IP Auction Houses - (IPAuctions.com, IPA GmbH, Ocean Tomo) These entities are auction houses that hold multi-lot, live auctions for patents with the intent of providing a marketplace for facilitating the exchange of such historically illiquid assets. Such auctions enable sellers to offer one or more patents according to a predetermined set of terms and conditions and allows the auction house to charge listing fees, attendance fees, buyers’ premiums and/or sellers’ commissions.
On-Line IP/Technology Exchanges/Clearinghouses - (The Dean’s List, Tynax, Yet2.com) These are entities that function like the business to-business (B2B) web sites that became the rage during the late 1990’s dot com boom. These entities, however, offer web platforms and interfaces specialized for patent and other IP assets. Essentially, this model can be thought of as online classifieds like Craig’s List, but for IP.
IP-Backed Financiers - (IPEG Consultancy BV, Paradox Capital) These are entities that provide financing for IP owners, either directly or as intermediaries, usually in the form of loans (debt financing), where the security for the loan is either wholly or partially IP assets (i.e., IP collateralization). Thus, these parties often function as intermediaries between borrowers and
commercial lending institutions, such as banks.
Royalty Stream Securitization Firms - (alseT IP, UCC Capital) These are entities that counsel, assist and/or provide capital to patent owners performing IP securitization financing transactions (which resemble the more common mortgage-backed securities). In such transactions, the patent owner sells the patents underlying the transaction to a bankruptcy remote entity (a “BRE”), and the BRE grants a license back to the patents to the original patent owner. The BRE in turn issues notes (i.e., IP-backed securities) to investors to raise cash to pay the original patent owner the agreed-upon purchase price. The notes are then backed by the expected future royalties to be earned from licensing the underlying patents (to the original patent owner and/or third parties). At the end of the transaction, the original patent owner has essentially raised funds much more cheaply than a loan backed by its traditional assets.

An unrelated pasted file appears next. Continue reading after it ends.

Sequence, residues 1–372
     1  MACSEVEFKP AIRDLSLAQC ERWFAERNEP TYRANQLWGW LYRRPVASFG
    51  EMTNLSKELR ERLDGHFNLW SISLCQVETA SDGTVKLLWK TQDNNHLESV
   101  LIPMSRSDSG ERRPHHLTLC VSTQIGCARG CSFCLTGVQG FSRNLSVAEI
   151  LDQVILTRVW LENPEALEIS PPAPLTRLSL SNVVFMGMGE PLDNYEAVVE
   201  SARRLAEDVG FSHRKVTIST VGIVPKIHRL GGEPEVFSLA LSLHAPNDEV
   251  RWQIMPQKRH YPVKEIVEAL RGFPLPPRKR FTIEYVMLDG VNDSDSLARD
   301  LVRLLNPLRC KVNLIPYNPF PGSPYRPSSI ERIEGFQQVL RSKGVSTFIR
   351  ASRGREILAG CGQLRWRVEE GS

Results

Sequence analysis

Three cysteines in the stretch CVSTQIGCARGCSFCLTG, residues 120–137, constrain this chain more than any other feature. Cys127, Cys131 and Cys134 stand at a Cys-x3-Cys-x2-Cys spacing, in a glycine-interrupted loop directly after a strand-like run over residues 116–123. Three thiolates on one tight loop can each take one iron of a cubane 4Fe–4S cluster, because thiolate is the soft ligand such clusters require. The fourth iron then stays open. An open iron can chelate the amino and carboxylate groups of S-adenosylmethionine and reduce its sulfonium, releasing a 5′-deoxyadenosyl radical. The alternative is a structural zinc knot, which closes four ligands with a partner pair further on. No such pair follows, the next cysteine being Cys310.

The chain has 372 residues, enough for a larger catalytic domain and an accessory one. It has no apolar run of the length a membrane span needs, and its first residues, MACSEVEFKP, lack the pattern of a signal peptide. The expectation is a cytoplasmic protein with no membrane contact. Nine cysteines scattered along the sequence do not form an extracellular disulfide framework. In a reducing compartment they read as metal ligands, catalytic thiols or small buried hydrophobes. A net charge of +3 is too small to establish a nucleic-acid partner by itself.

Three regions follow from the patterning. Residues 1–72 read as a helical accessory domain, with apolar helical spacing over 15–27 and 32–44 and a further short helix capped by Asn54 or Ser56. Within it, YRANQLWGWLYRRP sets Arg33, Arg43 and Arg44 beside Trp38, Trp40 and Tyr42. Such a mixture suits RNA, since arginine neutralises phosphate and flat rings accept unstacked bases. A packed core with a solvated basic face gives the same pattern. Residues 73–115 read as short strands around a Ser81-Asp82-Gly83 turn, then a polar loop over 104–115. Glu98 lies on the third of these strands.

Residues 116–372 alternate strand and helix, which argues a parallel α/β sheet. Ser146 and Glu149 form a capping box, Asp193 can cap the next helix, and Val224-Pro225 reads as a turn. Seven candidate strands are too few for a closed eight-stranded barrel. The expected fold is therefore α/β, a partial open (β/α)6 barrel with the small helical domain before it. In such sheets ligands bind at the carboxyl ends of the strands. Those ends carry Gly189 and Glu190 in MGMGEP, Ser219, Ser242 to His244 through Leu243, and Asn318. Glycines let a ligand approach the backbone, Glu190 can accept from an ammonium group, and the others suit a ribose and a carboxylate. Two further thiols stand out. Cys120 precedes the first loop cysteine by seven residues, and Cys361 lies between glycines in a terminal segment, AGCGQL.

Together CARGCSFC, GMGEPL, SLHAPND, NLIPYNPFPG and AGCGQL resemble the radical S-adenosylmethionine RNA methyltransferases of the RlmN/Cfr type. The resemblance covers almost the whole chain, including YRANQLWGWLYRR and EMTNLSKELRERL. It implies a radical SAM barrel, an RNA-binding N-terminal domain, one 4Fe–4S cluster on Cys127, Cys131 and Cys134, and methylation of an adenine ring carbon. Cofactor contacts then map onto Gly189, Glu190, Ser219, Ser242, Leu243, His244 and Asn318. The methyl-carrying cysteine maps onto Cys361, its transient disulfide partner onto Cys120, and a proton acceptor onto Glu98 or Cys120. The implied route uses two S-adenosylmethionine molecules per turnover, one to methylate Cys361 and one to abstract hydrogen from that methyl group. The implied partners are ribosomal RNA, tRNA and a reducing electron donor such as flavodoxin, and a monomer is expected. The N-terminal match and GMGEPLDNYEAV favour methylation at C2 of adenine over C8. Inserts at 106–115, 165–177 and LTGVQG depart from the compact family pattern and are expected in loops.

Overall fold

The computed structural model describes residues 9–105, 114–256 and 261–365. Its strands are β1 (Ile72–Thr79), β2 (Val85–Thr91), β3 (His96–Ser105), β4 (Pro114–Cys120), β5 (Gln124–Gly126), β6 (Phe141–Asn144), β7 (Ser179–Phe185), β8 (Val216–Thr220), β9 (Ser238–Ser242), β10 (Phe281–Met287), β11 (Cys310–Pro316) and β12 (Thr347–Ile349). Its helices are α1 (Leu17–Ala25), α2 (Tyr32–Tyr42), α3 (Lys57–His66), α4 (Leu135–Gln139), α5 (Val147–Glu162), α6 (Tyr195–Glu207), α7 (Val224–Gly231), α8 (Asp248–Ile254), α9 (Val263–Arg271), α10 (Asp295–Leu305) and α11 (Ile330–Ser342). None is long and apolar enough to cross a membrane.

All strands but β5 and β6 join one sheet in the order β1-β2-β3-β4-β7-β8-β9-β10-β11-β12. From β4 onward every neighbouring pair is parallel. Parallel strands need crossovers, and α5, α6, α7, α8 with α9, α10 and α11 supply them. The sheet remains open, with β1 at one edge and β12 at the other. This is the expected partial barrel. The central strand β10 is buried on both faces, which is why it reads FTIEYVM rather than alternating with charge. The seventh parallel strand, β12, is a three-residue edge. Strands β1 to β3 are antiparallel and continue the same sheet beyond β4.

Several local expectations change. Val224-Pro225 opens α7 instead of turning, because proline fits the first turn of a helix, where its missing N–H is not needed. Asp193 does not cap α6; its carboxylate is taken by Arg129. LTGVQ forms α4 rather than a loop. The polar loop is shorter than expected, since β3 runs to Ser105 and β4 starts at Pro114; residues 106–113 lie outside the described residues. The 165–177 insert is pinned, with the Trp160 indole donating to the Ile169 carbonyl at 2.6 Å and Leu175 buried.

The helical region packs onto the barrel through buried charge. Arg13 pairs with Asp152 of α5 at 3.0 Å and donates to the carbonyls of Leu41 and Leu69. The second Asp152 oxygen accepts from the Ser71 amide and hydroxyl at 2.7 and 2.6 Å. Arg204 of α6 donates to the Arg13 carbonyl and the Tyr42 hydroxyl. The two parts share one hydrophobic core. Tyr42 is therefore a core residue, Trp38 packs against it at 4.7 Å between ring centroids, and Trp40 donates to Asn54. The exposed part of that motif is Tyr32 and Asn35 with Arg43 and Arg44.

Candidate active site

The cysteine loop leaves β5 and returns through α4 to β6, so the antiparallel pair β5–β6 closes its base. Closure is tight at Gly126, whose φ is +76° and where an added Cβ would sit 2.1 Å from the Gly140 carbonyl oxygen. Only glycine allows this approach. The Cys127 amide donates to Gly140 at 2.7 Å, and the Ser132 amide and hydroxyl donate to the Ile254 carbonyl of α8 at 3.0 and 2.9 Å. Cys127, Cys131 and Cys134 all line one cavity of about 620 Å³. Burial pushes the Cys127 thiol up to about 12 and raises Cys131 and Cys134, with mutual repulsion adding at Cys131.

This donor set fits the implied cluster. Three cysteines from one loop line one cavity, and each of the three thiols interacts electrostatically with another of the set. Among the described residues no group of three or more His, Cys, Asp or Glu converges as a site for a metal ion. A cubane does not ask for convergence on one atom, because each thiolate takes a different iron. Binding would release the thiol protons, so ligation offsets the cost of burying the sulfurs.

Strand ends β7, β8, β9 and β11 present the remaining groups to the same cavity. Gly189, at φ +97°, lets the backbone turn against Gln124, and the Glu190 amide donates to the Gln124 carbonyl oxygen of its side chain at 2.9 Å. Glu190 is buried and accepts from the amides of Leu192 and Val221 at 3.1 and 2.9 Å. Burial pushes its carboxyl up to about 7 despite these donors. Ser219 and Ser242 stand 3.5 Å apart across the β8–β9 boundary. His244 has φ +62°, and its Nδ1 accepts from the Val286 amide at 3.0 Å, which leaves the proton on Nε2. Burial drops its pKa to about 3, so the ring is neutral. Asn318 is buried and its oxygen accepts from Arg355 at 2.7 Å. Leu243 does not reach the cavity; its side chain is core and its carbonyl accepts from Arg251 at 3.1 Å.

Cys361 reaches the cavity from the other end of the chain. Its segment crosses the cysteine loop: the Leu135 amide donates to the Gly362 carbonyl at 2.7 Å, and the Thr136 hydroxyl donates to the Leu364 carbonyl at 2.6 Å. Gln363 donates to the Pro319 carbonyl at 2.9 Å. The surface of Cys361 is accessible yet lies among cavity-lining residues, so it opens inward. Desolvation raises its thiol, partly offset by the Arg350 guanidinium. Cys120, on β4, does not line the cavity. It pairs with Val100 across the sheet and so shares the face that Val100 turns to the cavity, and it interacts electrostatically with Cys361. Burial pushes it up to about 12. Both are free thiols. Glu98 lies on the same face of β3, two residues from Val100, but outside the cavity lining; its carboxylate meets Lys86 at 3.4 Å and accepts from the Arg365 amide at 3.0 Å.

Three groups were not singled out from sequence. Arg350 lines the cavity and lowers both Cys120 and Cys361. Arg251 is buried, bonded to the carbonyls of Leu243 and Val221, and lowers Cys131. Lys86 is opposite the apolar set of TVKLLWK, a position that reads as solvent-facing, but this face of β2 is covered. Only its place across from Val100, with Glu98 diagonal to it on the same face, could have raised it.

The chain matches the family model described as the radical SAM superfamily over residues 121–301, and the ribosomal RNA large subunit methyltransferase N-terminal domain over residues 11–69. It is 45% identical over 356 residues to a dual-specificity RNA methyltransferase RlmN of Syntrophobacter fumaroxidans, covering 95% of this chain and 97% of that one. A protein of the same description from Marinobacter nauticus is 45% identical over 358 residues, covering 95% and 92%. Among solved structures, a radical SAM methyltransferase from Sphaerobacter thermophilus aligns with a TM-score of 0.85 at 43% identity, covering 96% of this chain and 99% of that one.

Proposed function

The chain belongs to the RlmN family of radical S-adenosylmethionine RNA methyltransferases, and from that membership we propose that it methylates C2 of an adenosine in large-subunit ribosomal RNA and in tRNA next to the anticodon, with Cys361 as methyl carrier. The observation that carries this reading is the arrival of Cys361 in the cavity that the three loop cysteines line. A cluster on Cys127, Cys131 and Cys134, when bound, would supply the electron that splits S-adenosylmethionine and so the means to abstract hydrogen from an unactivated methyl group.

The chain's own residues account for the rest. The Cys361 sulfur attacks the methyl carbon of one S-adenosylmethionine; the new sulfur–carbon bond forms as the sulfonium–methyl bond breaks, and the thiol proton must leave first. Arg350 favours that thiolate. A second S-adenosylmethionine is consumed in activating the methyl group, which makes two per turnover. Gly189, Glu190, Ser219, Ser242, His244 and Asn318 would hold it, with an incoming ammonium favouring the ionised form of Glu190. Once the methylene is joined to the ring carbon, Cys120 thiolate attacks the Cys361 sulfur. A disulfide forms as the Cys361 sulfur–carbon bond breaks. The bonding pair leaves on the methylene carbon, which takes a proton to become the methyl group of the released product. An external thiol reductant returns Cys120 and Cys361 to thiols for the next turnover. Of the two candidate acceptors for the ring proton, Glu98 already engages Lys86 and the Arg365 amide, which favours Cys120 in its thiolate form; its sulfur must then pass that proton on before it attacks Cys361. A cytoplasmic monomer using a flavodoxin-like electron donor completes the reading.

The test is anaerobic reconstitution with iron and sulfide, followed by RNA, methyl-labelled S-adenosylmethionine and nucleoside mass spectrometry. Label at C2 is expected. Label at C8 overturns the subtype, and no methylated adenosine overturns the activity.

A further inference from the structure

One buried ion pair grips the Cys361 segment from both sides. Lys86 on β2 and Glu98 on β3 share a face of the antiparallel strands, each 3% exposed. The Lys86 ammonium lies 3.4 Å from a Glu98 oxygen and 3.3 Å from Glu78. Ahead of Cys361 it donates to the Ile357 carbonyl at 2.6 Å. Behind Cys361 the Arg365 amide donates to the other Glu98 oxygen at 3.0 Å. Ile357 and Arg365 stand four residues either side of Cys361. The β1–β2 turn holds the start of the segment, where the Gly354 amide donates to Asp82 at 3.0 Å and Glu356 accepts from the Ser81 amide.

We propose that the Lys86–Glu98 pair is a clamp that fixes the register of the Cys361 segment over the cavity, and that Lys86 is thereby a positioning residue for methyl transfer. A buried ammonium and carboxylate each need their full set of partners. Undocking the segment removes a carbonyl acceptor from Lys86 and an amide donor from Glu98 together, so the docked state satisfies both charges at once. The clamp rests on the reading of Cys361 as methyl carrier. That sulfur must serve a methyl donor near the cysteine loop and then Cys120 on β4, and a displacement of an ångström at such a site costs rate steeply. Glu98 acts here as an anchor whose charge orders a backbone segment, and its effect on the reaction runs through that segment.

Patent Rating Software and Services - (1790 Analytics, The Patent Board, PatentRatings, Patent Café) These are entities that provide advanced patent search and analytics software tools that allow patent owners, attorneys, investors and other players in the IP marketplace to obtain various intelligence and data points about a single patent or patent portfolio.
There's much more in this paper, which also looks at additional emerging business models. It's a fascinating paper that adds an important perspective on the emerging IP market. The paper also adds the following comment in the conclusion:
[N]either U.S. Supreme Court decisions such as eBay, nor any of the so-called “anti-patent troll” legislative proposals floating through Congress, will make such intermediary entities such as PLECs, IP outsourcing companies, licensing agents, merchant banks, exchange operators and the like go away. With as much as three-quarters of the value of publicly traded companies in America coming from intangible assets, and global IP licensing revenue now being measured in the hundreds of billions of dollars, there is simply too much economic justification for such entities to exist. In fact, new players implementing the IP business models described herein will come into existence. And, new IP business models will also come into existence. Why? Quite simply, the business of IP (i.e., IP marketplace) itself is not immune to
To read/download the paper ("A Summary of Established & Emerging IP Business Models"), click here (courtesy of Patent Troll Tracker)